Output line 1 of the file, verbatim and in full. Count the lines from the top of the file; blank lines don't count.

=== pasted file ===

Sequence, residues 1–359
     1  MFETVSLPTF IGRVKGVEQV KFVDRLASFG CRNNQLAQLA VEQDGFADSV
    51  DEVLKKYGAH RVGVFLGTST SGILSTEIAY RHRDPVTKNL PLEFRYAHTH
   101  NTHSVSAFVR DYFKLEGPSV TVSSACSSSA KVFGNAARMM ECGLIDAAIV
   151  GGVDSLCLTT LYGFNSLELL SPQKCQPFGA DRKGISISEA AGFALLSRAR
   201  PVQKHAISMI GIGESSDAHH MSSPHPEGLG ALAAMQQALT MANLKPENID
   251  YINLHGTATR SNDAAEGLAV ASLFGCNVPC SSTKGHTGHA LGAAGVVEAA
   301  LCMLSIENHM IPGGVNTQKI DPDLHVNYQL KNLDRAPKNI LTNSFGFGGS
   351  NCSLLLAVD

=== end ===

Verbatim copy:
Sequence, residues 1–359